7 Most-Favorable Reviews in October 2020

  • November 3, 2020

We came, we read, we gushed. Here’s a recap of the titles that left us especially warm and swoony last month.

7 Most-Favorable Reviews in October 2020

Anxious People: A Novel by Fredrik Backman; translated by Neil Smith (Atria Books). Reviewed by Robert Allen Papinchak. “How do you follow up a sensational international bestseller like A Man Called Ove? Fredrik Backman does it spectacularly with the entertaining conundrum Anxious People. As equally idiosyncratic and iconoclastic as his debut, it is an outrageously hilarious, flawless novel about ‘how a bank robber failed to rob a bank but instead managed to spark a hostage drama.’ It is the most bizarre heist story since Sidney Lumet’s ‘Dog Day Afternoon,’ with narrative nods to Ann Patchett’s Bel Canto and O. Henry’s ‘The Ransom of Red Chief.’”

Winston Churchill: A Life in the News by Richard Toye (Oxford University Press). Reviewed by Dean Jobb. “Toye never loses sight of the bigger picture and carefully traces Churchill’s complex and evolving relationship with the press within the broader context of a media landscape being transformed by technology, by the power of press lords, and by changing journalistic standards. ‘Churchill was a master of publicity who cultivated a new form of political celebrity’ and ‘thrived in the heat of the media battle,’ the author writes. This meticulously researched and engaging book shows how the consummate statesman did it — how he created his public image and why his fame and accomplishments have endured.”

Igifu by Scholastique Mukasonga; translated by Jordan Stump (Archipelago Books). Reviewed by Bárbara Mujica. “A native of Rwanda, Mukasonga was forced by the violence to flee to Burundi and then to France, where she currently lives. During the brutal 1994 Tutsi genocide, 27 of her family members died. Drawing largely from personal experience, she paints a vivid picture of the consequences of violence for ordinary people. ‘Igifu’ means hunger, and hunger plagues the displaced Tutsis of Nyamata ‘like a cruel guardian angel.’ It is a ‘heartless magician’ who conjures up images of steaming beans or manioc balls, simple meals that the refugees cannot afford. Back home, they did not want for food, as they kept dairy cows, but the invaders killed their animals, and now the Tutsis must work for a pittance or accept charity.”

Transcendent Kingdom: A Novel by Yaa Gyasi (Knopf). Reviewed by Jennifer Bort Yacovissi. “We watch as Gifty draws more tightly into herself, shedding her few friendships as an act of will; moving into the world of facts, clear answers, evidence, and control; and practicing isolation, perhaps as a form of penance. Deep in scientific exploration, she does not know how she feels about the God who, with Nana’s death, abandoned her family but never seems far away. When her favorite laboratory mouse — an inveterate lever-presser that has developed a limp from the shocks he receives as he desperately chases another hit of Ensure — finally, because of her intervention, refuses to press the lever, it is as though she is witnessing a rebirth, the light of salvation that may course through all of us.”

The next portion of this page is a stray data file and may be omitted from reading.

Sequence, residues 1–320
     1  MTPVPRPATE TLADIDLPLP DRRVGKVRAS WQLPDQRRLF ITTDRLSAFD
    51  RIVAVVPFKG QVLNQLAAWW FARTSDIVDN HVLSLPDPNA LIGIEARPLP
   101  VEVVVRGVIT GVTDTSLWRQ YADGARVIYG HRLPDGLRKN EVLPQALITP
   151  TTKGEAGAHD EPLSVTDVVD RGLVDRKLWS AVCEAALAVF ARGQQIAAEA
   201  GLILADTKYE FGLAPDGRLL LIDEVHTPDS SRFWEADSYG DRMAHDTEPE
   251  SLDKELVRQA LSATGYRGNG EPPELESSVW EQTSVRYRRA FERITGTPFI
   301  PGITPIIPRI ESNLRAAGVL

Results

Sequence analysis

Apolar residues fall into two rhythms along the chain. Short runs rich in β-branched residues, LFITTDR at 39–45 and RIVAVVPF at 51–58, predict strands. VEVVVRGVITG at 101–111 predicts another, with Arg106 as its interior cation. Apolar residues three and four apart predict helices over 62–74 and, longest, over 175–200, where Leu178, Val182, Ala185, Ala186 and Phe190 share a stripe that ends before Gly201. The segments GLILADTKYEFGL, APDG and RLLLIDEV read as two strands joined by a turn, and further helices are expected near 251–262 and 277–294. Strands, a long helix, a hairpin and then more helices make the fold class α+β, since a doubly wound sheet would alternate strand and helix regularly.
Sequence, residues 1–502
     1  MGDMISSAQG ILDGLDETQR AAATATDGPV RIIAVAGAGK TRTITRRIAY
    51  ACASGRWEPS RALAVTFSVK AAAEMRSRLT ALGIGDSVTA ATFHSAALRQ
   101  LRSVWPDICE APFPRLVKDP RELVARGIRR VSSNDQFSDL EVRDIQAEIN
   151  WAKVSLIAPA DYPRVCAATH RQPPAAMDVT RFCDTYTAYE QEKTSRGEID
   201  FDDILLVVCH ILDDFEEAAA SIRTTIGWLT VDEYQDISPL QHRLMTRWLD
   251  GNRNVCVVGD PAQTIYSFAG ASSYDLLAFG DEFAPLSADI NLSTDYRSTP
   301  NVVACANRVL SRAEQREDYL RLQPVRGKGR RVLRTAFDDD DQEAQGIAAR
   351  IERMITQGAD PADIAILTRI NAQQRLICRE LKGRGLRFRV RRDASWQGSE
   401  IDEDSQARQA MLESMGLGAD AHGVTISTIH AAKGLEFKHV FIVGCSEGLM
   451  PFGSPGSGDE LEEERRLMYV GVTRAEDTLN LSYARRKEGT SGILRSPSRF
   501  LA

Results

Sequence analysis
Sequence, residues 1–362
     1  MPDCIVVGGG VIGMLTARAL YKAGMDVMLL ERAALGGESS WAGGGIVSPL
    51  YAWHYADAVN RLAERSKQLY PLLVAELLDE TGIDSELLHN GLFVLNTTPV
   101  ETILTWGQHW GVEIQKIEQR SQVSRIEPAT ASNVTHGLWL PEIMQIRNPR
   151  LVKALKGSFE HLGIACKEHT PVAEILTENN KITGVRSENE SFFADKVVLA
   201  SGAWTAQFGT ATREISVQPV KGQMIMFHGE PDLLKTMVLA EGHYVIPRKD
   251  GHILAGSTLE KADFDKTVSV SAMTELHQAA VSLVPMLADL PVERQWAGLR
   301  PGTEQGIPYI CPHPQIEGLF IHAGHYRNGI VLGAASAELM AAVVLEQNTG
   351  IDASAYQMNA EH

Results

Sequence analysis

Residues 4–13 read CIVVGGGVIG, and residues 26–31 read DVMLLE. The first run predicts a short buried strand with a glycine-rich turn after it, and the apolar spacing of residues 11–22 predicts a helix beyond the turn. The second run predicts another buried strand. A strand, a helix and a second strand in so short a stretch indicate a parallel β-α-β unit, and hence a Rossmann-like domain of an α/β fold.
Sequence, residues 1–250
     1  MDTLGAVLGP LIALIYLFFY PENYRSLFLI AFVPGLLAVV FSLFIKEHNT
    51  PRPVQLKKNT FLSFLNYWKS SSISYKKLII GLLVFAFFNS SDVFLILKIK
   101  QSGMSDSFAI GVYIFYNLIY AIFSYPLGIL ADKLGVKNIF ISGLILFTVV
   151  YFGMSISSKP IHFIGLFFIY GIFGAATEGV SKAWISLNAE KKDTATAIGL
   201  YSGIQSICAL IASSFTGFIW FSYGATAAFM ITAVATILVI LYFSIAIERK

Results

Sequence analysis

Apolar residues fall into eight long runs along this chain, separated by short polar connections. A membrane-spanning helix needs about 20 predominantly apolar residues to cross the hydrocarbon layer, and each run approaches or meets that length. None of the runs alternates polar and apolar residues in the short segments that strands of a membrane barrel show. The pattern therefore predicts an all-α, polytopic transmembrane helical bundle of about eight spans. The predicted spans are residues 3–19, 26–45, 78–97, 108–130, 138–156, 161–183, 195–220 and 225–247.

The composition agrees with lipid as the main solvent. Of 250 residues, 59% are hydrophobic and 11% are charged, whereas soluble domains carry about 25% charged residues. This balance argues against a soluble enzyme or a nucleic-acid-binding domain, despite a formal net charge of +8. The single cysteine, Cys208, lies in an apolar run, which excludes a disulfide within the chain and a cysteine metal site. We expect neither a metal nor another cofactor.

Shoddy: From Devil’s Dust to the Renaissance of Rags by Hanna Rose Shell (University of Chicago Press). Reviewed by David Raney. “If that seems a lot to pile on the cart with a heap of old rags — shoddy’s original incarnation — well, it is. But Shell pulls it off. She writes with an eye for both vivid visuals and historical links, perhaps because she serves as a university professor in three departments: history, art history, and cinema studies. What she calls her ‘shoddy odyssey’ begins at fast-fashion chain H&M and, within three pages, is making stops in Massachusetts, Miami, Port-au-Prince, and West Yorkshire, dropping 1918 New York Times headlines and Old English etymologies along the way.”

The Scapegracers by Hannah Abigail Clarke (Erewhon Books). Reviewed by Emma Carbone. “Throughout The Scapegracers, author Hannah Abigail Clarke cleverly dismantles classic popular-girl tropes as Sideways and readers learn more about the triumvirate that quickly adopts Sideways into its ranks with surprising loyalty and affection. Sideways, Daisy, and Madeline are described as white, Yates is Black, and Jing is Asian (presumably Chinese). The characters are also diverse in terms of sexuality, with lesbian Sideways and bisexual Jing, among others.”

The Midnight Circus by Jane Yolen (Tachyon Publications). Reviewed by Tara Campbell. “Yolen is often dubbed “the Hans Christian Andersen of America,” but that should not be misunderstood. Her work is not Andersen Americanized: sanitized, watered-down, Disney-fied. It is true to the real tradition of Andersen: mesmerizing, haunting, and often not for the faint of heart. This collection teems with Yolen’s weird, folkloric verve. Her menagerie of stories is distilled from a cauldron of fairytales, legends, and history, featuring everything from selkies to shapeshifters; witches, weavers, and warriors; and angels murderous to ravenous. Her foreword and endnotes offer additional context for the work, creating a satisfying — if often unsettling — reading experience.”

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